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ImageIt turns out that the problematic gene is Chromosome 18, so Jay sent me the first three pages of the detailed readout for C18, which was 143 bases.  By using 3 ends per base, this would make for a scarf with a nice width.  I noticed that the color coding on the readout was different in one respect from the one I had been using;  orange instead of black for guanine.  Since  the black had been standing out a bit too much, I decided to  make that switch. Here’s the final sample, using orange, blue, green, and red, with black as the weft.  Jay was visiting Seattle just after I finished it, and he enjoyed being able to see and hold the little piece of fabric. With a good result from the final sample, I plunged into winding the warp for the actual scarves.

(click photos to embiggen)

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A tool called a warping board is used to measure the threads of a warp and keep them organized before they are put into the loom.

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By making a cross of threads going up over a peg in one direction and under the same peg as the thread is wound in the other direction, the exact order of threads is preserved.  This not only helps prevent tangles, but with complex stripes like this warp has, it keeps everything in precise order.

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Here’s one section of the warp completed.  It was wide enough that I did it in three sections.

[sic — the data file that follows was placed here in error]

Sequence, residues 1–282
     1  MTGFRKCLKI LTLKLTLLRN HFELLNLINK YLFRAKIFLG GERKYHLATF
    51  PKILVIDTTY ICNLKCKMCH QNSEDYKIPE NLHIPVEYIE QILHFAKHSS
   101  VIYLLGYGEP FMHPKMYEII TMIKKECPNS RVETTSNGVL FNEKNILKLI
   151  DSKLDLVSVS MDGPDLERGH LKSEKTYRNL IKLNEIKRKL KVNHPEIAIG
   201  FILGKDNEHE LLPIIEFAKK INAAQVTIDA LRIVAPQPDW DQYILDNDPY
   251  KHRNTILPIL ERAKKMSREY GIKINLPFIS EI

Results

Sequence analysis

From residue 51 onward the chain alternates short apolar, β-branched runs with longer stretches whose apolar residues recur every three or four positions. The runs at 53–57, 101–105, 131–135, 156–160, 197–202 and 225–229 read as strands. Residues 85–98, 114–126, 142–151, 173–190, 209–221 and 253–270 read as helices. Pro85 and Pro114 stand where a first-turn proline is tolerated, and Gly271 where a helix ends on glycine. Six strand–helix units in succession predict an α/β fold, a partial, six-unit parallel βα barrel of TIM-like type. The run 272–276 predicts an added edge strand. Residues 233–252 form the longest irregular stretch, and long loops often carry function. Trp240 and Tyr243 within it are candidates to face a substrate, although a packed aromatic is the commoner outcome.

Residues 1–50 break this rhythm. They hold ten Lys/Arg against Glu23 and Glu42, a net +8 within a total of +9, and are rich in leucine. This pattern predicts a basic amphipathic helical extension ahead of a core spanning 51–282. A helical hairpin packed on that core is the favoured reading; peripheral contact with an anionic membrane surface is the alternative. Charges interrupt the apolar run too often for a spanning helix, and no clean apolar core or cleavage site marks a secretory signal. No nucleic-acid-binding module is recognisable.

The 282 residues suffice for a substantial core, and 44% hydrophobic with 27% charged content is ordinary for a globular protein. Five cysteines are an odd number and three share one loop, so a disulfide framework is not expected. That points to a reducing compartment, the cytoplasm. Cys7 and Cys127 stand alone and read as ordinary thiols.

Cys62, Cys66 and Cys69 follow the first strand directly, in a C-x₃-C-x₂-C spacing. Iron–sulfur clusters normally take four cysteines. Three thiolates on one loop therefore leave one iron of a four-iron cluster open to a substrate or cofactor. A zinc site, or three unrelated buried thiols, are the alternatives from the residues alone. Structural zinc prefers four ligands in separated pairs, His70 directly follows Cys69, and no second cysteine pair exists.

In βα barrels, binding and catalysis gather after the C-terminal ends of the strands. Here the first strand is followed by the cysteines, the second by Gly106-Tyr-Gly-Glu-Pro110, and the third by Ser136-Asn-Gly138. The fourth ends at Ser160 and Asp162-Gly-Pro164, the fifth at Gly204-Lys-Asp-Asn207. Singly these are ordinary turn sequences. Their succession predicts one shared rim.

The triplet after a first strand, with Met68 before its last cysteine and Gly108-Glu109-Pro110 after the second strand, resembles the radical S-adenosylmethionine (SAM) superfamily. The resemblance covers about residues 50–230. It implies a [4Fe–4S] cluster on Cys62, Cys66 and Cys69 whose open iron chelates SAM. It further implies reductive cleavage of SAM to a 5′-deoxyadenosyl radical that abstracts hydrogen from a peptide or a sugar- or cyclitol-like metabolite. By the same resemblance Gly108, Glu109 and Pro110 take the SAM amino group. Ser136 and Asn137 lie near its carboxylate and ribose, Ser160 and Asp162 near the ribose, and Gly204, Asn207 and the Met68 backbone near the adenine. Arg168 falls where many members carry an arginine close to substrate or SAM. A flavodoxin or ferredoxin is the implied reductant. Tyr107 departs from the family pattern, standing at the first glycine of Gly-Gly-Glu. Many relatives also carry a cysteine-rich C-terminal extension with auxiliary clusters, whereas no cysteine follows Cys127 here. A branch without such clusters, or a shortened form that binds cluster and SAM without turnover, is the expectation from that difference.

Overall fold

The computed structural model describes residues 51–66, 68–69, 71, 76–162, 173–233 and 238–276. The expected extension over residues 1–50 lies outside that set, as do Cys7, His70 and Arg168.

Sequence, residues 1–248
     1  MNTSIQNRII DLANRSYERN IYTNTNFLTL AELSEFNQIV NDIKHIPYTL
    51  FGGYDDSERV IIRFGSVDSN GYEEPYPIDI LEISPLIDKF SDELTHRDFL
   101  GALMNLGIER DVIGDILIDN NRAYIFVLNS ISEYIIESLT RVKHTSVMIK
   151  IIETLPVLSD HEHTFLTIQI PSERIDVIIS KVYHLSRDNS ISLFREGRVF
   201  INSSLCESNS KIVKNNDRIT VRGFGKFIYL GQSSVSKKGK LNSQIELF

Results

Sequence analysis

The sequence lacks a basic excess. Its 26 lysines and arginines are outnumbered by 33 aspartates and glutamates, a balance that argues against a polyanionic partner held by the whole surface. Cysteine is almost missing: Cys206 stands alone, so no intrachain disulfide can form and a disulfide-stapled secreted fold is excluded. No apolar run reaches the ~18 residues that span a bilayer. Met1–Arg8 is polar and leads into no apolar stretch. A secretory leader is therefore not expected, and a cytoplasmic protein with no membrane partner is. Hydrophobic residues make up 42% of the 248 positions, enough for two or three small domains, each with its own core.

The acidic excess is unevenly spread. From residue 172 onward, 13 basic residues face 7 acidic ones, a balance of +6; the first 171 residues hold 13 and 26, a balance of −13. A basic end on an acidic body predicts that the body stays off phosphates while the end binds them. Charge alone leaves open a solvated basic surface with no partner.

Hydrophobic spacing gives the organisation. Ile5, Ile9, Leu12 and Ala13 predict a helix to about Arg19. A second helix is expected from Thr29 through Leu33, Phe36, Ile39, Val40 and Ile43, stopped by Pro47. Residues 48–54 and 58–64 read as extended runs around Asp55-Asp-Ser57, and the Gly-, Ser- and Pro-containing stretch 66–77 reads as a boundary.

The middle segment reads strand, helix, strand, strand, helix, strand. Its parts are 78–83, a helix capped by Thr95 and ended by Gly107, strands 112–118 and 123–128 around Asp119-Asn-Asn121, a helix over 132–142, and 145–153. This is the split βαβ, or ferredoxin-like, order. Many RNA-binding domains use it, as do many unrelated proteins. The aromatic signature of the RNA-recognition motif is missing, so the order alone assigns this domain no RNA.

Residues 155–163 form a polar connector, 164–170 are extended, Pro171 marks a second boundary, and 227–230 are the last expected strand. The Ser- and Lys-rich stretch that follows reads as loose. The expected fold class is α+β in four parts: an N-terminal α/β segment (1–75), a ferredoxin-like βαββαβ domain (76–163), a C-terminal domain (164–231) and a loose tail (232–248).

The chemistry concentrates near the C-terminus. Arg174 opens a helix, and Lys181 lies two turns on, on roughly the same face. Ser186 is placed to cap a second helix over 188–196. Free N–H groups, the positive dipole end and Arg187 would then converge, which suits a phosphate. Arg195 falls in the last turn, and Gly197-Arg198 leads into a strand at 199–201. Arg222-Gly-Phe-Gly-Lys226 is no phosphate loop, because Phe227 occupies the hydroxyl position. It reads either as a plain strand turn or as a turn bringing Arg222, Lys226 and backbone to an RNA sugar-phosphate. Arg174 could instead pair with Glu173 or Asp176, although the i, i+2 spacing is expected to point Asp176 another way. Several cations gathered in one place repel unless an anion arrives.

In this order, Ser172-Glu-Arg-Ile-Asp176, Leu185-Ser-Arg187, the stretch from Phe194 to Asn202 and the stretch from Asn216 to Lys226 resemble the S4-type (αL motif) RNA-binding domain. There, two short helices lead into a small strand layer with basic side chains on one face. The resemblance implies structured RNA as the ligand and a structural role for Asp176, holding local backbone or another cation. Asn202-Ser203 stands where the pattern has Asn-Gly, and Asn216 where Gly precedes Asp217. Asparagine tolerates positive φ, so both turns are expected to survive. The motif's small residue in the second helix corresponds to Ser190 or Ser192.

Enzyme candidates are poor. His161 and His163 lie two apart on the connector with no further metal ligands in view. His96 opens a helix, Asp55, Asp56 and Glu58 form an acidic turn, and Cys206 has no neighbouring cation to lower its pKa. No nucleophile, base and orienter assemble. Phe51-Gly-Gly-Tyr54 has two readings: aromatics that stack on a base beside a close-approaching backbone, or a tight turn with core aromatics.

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All three sections with the associated parts of the genome readout.

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Here’s one warp section with the readout page it is duplicating.

Next step, putting it on the loom!

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At this point, all three sections are on the loom and  through the reed and heddles. The warp is being wound onto the warp beam in the back.  I gently comb out any tangles and wind the yarn onto the back beam by using the crank handle you can see on the right.

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I decided to hemstitch each end of the scarves – an elegant touch that I felt the project deserved.

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Here’s the first scarf finished, and off the loom.  The  ends are twisted into fringe, and this picture shows part of the scarf with the corresponding genome printout, starting at the beginning of Chromosome 18. Interestingly, the sequencing only shows one half of the genetic makeup. C only bonds with G and  A only bonds with T.  On the readout, you’ll often see more than one of the same letter in a row – this doesn’t indicate that, say, A has bonded